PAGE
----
Leaving the Loewe Spring/Summer 2023 show on September 30, many guests, awestruck, shared photos on Instagram. On their pictures? Dresses in metal or polymer printed in 3D, in the shape of an anthurium, a white or red tropical plant, with a central spike, called a spadix. Those who were not physically present at the show broadcast other images: passages 19 and 34. Two silhouettes where a model wears trousers and a top (t-shirt or hooded sweatshirt) which seem composed of Lego blocks or pixels.
Seen from the front and through a screen, it looks like the crude virtual clothes of an avatar… In reality, it is in no way an image tweaked by a computer. These clothes, capable of creating this optical illusion, are indeed put on sale at the end of February in a handful of Loewe boutiques, including that of Avenue Montaigne, in Paris.
Silhouettes that cultivate ambiguity
At the origin of this chimera, in which the fabric imitates electronic dots, are the stylists of the studio of Jonathan Anderson, artistic director of Loewe since 2013. One day, they knocked on the door of the development teams and their asked: “How can we do this? », showing them a large piece of paper of a pixelated t-shirt and sweatshirt, printed from a model in Photoshop. No one had to specify that it had to be done quickly and well: the parade took place a fortnight later…
Jonathan Anderson’s teams – both those of Loewe and those of his own label, JW Anderson – have become familiar with these silhouettes that cultivate the ambiguity between the real and the virtual. The artistic director, who oversees up to eight shows a year, has not stopped playing on this tension in recent months, accompanying his collections (coats made up of touchscreen tablets, wallpaper prints, dresses with touches of computer…) of theoretical considerations in front of journalists. “Screens make us mistakenly believe that we live in a modern society” (Milan, June 19). “Today, we think about the metaverse to the detriment of materiality” (Paris, June 25). “Are we not becoming video game characters ourselves? » (London, September 17).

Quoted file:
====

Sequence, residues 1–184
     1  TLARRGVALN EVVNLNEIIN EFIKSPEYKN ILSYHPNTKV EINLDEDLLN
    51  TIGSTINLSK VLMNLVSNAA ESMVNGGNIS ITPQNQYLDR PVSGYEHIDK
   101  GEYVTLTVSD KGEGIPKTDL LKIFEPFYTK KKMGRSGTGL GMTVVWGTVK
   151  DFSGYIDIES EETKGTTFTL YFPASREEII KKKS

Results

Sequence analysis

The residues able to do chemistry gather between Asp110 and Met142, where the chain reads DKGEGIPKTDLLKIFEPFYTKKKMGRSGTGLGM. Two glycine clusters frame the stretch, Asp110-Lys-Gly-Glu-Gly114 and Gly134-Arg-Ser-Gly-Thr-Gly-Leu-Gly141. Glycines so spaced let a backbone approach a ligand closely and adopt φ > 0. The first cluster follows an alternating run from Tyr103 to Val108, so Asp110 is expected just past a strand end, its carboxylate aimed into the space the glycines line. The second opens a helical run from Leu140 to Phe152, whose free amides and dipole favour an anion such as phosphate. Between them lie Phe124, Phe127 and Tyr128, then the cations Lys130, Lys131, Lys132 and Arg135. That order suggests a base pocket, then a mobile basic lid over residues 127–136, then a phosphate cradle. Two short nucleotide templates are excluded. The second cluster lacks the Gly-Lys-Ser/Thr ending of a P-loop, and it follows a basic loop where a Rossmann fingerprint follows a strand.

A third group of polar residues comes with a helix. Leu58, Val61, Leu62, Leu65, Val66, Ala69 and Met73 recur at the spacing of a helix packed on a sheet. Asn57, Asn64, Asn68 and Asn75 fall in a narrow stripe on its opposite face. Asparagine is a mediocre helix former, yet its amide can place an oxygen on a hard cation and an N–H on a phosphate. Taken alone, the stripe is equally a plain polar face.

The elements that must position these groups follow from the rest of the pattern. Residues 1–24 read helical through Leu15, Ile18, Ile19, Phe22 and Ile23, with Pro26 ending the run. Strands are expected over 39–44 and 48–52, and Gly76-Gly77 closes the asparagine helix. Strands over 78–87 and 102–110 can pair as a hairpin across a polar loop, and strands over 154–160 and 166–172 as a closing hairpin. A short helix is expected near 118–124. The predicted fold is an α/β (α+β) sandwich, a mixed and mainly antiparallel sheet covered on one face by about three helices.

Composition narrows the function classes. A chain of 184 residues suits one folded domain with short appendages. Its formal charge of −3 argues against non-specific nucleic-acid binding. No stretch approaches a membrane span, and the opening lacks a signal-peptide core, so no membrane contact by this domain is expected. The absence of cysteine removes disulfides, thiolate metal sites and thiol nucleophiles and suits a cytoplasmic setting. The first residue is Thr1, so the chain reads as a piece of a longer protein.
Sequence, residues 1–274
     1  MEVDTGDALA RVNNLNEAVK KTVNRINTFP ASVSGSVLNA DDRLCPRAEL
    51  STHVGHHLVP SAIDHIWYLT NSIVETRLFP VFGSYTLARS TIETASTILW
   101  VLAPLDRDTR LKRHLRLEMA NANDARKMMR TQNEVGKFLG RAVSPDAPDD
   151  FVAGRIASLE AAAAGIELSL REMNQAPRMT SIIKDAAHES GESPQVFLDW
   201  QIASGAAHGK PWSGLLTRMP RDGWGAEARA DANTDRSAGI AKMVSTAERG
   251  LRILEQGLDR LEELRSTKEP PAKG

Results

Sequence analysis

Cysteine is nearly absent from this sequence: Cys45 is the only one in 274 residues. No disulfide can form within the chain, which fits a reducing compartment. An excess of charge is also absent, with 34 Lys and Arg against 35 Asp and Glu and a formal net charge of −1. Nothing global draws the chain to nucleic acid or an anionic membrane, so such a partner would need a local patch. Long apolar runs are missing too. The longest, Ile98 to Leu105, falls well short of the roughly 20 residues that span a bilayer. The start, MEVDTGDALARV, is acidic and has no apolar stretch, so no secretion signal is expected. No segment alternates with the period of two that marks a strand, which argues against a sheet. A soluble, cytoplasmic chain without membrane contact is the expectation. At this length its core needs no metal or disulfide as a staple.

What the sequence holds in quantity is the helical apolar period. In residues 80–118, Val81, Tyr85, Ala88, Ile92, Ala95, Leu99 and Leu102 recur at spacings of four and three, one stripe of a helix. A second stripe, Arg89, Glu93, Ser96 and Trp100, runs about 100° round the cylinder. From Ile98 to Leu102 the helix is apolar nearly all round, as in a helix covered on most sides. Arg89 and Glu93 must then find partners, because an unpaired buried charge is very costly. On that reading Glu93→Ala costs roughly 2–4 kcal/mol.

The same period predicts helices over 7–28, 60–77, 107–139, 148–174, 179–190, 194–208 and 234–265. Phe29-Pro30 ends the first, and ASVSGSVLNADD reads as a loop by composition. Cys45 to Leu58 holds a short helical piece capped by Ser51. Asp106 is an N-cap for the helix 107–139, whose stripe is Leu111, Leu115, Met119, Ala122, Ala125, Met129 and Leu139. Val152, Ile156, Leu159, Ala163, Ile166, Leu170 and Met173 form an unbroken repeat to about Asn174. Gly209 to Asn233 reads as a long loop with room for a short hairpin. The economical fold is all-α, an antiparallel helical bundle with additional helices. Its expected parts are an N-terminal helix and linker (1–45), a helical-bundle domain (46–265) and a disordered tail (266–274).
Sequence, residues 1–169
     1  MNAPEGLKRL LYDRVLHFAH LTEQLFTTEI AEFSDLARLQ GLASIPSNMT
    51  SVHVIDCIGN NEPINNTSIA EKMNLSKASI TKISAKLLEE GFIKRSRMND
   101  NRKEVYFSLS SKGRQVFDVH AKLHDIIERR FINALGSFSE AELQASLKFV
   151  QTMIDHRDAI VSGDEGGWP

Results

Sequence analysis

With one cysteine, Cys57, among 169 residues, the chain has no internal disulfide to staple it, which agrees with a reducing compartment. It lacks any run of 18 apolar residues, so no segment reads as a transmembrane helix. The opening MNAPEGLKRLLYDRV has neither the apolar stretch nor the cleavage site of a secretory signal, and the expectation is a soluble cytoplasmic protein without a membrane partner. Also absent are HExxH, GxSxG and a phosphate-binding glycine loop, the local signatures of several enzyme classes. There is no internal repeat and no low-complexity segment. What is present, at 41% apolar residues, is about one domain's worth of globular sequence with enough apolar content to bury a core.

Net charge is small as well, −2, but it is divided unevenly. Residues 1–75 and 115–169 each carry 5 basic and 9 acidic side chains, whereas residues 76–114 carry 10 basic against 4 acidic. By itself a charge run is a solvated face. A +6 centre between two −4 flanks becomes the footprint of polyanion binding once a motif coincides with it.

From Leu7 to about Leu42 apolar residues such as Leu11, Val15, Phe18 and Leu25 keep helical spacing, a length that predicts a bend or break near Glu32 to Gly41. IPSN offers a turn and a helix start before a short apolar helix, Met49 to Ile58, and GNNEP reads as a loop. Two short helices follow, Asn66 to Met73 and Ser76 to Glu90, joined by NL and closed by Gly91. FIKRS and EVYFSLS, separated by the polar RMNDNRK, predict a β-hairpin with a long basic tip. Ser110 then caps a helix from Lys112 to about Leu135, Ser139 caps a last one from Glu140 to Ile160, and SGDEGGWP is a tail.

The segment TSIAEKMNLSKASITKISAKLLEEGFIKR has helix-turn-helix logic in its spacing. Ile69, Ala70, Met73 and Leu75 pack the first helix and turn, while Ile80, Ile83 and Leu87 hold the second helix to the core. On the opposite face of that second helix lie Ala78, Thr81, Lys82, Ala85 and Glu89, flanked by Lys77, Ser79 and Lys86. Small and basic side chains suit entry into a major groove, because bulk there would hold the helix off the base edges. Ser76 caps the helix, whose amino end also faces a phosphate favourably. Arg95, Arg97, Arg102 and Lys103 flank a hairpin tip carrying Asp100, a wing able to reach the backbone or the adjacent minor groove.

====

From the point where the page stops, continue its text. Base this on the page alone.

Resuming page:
For the pants, Jonathan Anderson required a slightly heavy but shiny fabric: his teams unearthed an Italian duchess satin, slightly hanging. From there, the people in charge of development applied the XXL pixel design to the pattern, taking care to place the squares well on the fly or on the pockets, in order to emphasize them. The selected silk having a tendency to retract, “We had to slightly increase the measurements in order to have safety margins”, we explain at Loewe.
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